Album Reviews

Mark Pritchard – Under the Sun


Over the course of two decades and with a myriad of monikers under the bridge, Mark Pritchard’s albums, short releases and collaborations have ventured from genre to genre with consistent zeal and originality. From his early ambient work with Tom Middleton as Global Communications to his equally dizzying veers into footwork, hip-hop, house, and grime, Pritchard’s music has been defined by its subtle complexity and shifts in identity and artistic base. Since 2013 however, Pritchard has settled for his releases being put out under his own name; something which, despite seeming like but a small change, has led to a greater sense of grounding and fervour somehow. Nowhere is this clearer than on Under the Sun. Released on Warp like the three EPs that preceded it, the first LP to be released under his given name is a sixteen track venture into a musical uncanny valley, a feat of subdued experimentation and a masterful melding of styles that can at points feel so comfortingly familiar, yet disquietingly distant at others. While at times it feels a touch drawn out and while there are tracks that feel like unnecessary speed bumps to the flow of the album, Under the Sun is, overall, a near sublime collection that shows an artist who has far from run out of ideas.

The album opens with the low growl of ‘?’, a composition that swells and swells until a single picked guitar note pierces through the grumbling depth. From there, ominous harpsichord and soft key themes recur to make for an entrancing introduction. These moments where the melodic patterns weave in and out of one another are central to the record’s trajectory – ‘Where Do They Go, The Butterflies’, ‘Ems’, ‘Rebel Angels’ – with low bass drones providing the fulcrum for them to dance around.

Under The Sun features a cast of collaborators, each of whom adds their own distinct flavour to their respective tracks. French dream-pop merchant Bibio provides a haunting yet enticing vocal to the album’s second track ‘Give it Your Choir’ while Thom Yorke’s vocal on ‘Beautiful People’ provides one of the album’s most head-noddlingly satisfying moments, the alterations to his voice making it at times sound almost flute-like. It is the album’s centrepiece, ‘You Wash My Soul’ featuring Linda Perhacs however, that acts as the opus its themes. While working with chamber folk tropes that are brushed with wistful familiarity, Pritchard and Perhacs somehow create an element of the uncanny around the track, introducing something eerie beneath the surface that turns what could be a comforting tune into something more complex and altogether more affecting.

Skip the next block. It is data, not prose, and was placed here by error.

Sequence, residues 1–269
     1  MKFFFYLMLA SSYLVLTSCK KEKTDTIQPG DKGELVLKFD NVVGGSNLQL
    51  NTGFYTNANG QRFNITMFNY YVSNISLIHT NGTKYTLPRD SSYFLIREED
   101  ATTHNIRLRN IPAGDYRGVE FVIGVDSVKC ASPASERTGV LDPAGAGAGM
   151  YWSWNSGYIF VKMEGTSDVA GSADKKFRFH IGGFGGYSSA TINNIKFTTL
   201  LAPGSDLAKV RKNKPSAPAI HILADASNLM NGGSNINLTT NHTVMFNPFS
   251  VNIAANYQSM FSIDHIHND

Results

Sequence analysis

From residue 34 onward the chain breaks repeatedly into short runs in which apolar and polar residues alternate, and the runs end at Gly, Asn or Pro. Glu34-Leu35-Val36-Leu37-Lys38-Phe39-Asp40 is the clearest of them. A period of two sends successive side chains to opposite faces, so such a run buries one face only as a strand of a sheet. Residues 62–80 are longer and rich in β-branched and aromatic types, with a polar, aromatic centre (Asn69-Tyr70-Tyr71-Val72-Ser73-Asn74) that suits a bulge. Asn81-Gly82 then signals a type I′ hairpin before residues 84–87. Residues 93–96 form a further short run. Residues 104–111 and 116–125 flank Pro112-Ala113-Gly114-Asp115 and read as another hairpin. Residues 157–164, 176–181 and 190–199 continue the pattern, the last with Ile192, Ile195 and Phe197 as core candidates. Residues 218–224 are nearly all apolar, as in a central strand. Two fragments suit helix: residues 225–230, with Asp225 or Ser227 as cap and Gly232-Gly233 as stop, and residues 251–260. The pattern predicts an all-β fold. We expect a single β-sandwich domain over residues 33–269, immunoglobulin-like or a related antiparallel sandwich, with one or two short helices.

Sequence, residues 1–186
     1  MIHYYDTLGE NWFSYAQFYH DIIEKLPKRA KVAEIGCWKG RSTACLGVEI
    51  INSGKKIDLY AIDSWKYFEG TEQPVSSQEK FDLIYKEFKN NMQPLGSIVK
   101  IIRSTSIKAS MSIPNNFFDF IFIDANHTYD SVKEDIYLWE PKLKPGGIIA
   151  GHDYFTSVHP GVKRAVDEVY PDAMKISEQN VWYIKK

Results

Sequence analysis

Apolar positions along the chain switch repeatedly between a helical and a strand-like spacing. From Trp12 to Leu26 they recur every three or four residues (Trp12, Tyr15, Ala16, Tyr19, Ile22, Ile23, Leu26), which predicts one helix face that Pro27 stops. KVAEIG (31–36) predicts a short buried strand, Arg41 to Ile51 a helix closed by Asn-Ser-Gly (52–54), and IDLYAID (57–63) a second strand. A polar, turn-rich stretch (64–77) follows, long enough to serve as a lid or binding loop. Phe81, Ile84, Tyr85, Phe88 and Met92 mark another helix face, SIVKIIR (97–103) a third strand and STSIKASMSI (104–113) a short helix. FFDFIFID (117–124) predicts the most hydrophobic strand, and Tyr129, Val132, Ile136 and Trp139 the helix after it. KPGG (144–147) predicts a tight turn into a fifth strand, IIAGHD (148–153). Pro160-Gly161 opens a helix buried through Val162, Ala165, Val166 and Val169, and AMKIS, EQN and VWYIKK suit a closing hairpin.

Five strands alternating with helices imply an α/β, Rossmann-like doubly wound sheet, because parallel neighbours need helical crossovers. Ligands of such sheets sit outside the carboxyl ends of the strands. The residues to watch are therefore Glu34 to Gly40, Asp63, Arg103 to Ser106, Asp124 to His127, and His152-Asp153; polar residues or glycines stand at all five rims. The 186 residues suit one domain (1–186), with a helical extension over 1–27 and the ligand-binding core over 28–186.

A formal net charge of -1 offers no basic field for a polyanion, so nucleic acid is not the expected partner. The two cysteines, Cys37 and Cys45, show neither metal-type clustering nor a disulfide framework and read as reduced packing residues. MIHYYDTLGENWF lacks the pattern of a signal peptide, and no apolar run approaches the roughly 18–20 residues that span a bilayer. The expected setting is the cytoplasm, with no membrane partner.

This sense of familiar sounds being infiltrated by unknown textures to add a particular disquiet to the record appears again on ‘Sad Alron’, a track which feels so simple at first with its dusty, floating keys but it lingers on the mind more than that for some reason. Something about Pritchard’s composition takes ideas that are commonplace and tilts them ever so slightly to the left, making them almost unnerving, but endlessly fascinating and moreish. The same goes for ‘Cycles of 9’, a piece that could accompany a pastoral, summer evening if it were not for an ever so slightly shaking distortion beneath the surface, introducing a degree of possible menace, of anxiety.

The record’s weaker cuts are not necessarily bad, but instead take from its flow or instil impatience in the listener as it goes. Tracks like ‘Infrared’ and ‘Hi Red’ are no doubt interesting and are examples of Pritchard’s slightly more abrasive capacities but overall seem to just interrupt Under The Sun’s course. ‘The Blinds Cage’ featuring a spoken word passage from Beans is another experimental, fascinating take but clocking in at five minutes in length keeps it from maintaining the listener’s attention. It would have been a far more interesting cut to half the length.

The album’s closing title track is one of its strongest, playing again with an uncanny method. Sampling Julie Andrews singing a nursery rhyme, the track takes something familiar and comforting, turns it on its head, and transforms it into something spectral and truly beautiful. Listening to this album is like looking back on a romanticised past from a threatening future, with recognisable themes being moulded in such a way as to make them just a touch jarring, and completely enticing. Like an album of siren songs. While there are moments that interrupt that journey unnecessarily, they do not affect the album enough as to take from it too much. Pritchard has crafted a ghostly beauty on Under The Sun that will draw you in and make you wind back to the start again and again. Eoin Murray